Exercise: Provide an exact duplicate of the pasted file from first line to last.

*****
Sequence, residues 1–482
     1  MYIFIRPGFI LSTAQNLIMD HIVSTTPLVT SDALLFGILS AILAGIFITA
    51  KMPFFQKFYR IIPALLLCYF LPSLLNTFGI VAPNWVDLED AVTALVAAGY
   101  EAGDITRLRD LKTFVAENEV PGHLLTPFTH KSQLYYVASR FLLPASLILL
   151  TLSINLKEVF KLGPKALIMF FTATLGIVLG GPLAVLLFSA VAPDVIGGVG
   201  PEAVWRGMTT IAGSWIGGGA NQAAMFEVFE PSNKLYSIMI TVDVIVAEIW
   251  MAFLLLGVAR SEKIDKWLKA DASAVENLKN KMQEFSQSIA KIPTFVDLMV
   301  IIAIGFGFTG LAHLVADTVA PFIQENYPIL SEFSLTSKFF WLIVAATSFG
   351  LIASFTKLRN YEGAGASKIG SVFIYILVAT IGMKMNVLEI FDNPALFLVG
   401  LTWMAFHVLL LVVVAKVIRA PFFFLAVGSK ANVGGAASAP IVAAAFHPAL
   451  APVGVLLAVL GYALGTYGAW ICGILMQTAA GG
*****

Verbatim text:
Sequence, residues 1–482
     1  MYIFIRPGFI LSTAQNLIMD HIVSTTPLVT SDALLFGILS AILAGIFITA
    51  KMPFFQKFYR IIPALLLCYF LPSLLNTFGI VAPNWVDLED AVTALVAAGY
   101  EAGDITRLRD LKTFVAENEV PGHLLTPFTH KSQLYYVASR FLLPASLILL
   151  TLSINLKEVF KLGPKALIMF FTATLGIVLG GPLAVLLFSA VAPDVIGGVG
   201  PEAVWRGMTT IAGSWIGGGA NQAAMFEVFE PSNKLYSIMI TVDVIVAEIW
   251  MAFLLLGVAR SEKIDKWLKA DASAVENLKN KMQEFSQSIA KIPTFVDLMV
   301  IIAIGFGFTG LAHLVADTVA PFIQENYPIL SEFSLTSKFF WLIVAATSFG
   351  LIASFTKLRN YEGAGASKIG SVFIYILVAT IGMKMNVLEI FDNPALFLVG
   401  LTWMAFHVLL LVVVAKVIRA PFFFLAVGSK ANVGGAASAP IVAAAFHPAL
   451  APVGVLLAVL GYALGTYGAW ICGILMQTAA GG